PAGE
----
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Booker Bill Would Protect Students With Drug Convictions From Losing Federal College Aid



A congressional bill designed to streamline the student federal financial aid application process—which would also remove a question about prior drug convictions from the form—was filed in the Senate on Wednesday with the support of two presidential candidates.

Sens. Cory Booker (D-NJ) and Kirsten Gillibrand (D-NY)—who are running for their party’s 2020 presidential nomination—along with Sens. Jeff Merkley (D-OR) and Catherine Cortez Masto (D-NV) introduced the legislation. The bulk of the bill is designed to help disadvantaged students get the most out of the Free Application for Federal Student Aid (FAFSA), but it also includes provisions to remove questions that are “duplicative and irrelevant.”

One of those questions concerns past drug convictions. The application asks “Have you been convicted for the possession or sale of illegal drugs for an offense that occurred while you were receiving federal student aid (such as grants, work-study, or loans)?”


Answering “yes” could cause financial aid to be denied or suspended, and affected students are required to complete drug rehabilitation programs, pass two drug tests or wait specified periods of time to have their grants or loans reinstated.

“The complexity of a financial aid form should not limit the opportunities available to our country’s young people,” Booker said in a press release. “Yet, that is sadly the reality for many low-income students and students of color. Our future depends on how we educate the next generation—it’s time we start lowering the barriers to entry and begin including more students.”

The drug conviction question has penalized tens of thousands of students since the requirement was added in a 1998 reform of the Higher Education Act. Despite attempts to revise to question so there isn’t an automatic loss of all federal financial aid for a self-reported conviction, even partial losses can impact students, particularly those who are low-income.

Beyond simply removing the drug question from the FAFSA form, the new legislation would also repeal the underlying penalty that strips aid from students with convictions for marijuana or other controlled substances.

“Students for Sensible Drug Policy (SSDP) supports Senator Booker’s new bill because it would lift or ease many of the barriers to higher education that currently exist today,” Betty Aldworth, executive director of SSDP, told Marijuana Moment. “SSDP has been seeking the removal of the Aid Elimination Penalty since it was first signed into law and this bill would finally repeal the harmful penalty that continues to derail the lives of thousands of students every year—for too long, another compounding harm of our broken and dangerous drug policy borne primarily by people of color or low income who are most often targeted by police.”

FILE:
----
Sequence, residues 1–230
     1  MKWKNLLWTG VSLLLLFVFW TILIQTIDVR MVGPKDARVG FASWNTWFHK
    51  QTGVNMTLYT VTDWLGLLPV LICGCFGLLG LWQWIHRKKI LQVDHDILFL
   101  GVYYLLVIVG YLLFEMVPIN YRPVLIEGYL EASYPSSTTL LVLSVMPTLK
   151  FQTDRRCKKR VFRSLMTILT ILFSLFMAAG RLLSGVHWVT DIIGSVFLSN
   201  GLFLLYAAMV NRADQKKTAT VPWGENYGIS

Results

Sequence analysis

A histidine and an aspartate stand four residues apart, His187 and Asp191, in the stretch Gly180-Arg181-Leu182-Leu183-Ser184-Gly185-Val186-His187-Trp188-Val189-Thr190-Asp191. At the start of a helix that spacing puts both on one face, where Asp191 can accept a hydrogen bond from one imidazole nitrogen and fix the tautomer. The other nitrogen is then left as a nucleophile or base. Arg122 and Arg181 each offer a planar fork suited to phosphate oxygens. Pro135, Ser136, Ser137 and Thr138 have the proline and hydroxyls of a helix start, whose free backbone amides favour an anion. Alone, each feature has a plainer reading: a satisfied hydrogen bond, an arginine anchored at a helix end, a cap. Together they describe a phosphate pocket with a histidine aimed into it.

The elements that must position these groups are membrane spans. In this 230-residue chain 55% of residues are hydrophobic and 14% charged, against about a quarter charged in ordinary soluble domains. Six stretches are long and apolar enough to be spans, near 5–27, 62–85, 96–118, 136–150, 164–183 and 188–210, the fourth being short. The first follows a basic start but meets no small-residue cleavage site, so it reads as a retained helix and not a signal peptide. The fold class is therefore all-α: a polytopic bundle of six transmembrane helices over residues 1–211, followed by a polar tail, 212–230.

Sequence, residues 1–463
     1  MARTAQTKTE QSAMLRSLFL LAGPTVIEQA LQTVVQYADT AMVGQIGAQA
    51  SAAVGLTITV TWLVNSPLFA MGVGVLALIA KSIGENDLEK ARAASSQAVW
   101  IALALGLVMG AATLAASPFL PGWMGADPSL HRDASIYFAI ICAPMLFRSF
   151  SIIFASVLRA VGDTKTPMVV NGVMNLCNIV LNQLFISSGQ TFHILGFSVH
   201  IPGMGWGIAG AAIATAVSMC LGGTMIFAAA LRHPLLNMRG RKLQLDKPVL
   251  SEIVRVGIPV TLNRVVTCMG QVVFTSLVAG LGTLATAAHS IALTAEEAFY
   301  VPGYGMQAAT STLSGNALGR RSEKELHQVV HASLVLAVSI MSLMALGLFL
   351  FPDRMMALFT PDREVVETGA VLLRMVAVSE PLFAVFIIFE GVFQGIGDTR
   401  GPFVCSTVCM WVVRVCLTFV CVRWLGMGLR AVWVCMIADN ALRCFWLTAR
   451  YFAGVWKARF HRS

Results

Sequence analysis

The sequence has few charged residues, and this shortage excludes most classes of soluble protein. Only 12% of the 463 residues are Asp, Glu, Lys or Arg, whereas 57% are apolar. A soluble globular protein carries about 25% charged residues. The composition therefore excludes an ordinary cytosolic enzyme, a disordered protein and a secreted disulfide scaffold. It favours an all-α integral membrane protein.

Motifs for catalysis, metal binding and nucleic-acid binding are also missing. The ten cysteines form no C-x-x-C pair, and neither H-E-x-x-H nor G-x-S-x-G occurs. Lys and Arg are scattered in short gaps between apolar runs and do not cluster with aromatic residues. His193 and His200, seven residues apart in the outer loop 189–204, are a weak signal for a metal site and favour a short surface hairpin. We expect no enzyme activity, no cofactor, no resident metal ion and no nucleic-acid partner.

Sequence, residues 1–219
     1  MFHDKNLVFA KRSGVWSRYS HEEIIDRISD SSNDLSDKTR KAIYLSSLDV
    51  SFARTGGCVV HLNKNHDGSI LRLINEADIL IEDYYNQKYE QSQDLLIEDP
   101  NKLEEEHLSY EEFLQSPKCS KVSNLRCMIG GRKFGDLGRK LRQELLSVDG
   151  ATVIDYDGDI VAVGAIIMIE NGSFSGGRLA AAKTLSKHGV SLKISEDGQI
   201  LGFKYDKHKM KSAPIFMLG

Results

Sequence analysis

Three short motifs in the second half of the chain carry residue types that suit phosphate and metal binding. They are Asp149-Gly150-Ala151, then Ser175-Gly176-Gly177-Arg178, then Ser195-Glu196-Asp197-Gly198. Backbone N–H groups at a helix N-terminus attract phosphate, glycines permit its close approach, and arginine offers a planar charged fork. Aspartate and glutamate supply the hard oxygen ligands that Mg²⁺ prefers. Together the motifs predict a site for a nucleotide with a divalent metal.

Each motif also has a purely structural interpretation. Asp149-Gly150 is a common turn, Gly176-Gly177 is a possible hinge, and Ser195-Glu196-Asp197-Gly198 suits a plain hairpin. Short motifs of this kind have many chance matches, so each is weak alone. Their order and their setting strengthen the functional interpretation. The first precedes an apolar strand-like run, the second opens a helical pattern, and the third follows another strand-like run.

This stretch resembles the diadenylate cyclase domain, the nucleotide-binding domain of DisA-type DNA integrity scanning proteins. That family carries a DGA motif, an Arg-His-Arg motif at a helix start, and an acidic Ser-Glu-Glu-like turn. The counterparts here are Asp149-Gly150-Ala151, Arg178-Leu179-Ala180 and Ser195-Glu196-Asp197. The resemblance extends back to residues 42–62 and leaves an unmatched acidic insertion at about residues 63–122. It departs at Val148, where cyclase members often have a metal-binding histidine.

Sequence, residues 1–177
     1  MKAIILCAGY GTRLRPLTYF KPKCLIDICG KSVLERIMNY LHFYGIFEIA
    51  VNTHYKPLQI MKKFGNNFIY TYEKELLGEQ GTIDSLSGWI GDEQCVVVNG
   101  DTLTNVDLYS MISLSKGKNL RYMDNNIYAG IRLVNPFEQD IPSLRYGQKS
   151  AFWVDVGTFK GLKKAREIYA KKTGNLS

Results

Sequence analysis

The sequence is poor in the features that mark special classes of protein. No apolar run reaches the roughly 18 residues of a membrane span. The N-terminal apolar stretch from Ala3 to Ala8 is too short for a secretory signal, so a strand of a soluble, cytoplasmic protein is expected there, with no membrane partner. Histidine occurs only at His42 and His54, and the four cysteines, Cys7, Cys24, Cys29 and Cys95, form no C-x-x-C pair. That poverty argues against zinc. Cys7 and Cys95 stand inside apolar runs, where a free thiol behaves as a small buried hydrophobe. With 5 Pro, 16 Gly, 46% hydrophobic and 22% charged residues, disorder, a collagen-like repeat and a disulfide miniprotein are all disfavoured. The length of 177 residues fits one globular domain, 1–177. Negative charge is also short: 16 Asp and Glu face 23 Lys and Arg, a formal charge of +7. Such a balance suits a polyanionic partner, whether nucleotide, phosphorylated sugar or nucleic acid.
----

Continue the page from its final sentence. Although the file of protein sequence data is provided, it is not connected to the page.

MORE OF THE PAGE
“No student should lose access to higher education simply for a drug conviction and this bill would finally have the law catch up to common sense on this issue,” she said.

Booker introduced an earlier version of the legislation last year. Before that, Rep. Lisa Blunt Rochester (D-DE) called for the elimination of the drug conviction eligibility question on the FAFSA in 2017.

Booker, a 2020 Democratic presidential candidate, has been a champion of several wide-ranging marijuana reform bills, including the Marijuana Justice Act, which would remove cannabis from the list of federally controlled substances and punish states that continue to enforce marijuana prohibition in a discriminatory way.

Gillibrand is also running for her party’s presidential nomination and has been active on marijuana reform legislation.

At the same time that the senators are looking out for students with non-violent drug offenses on their records, other lawmakers in Congress are pushing to ensure that universities that study marijuana do not have their federal grants withheld.

Lawmakers Want Legal Protections For Universities That Research Marijuana

Photo courtesy of Pixabay.

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Kyle Jaeger is Marijuana Moment's Sacramento-based managing editor. His work has also appeared in High Times, VICE and attn.


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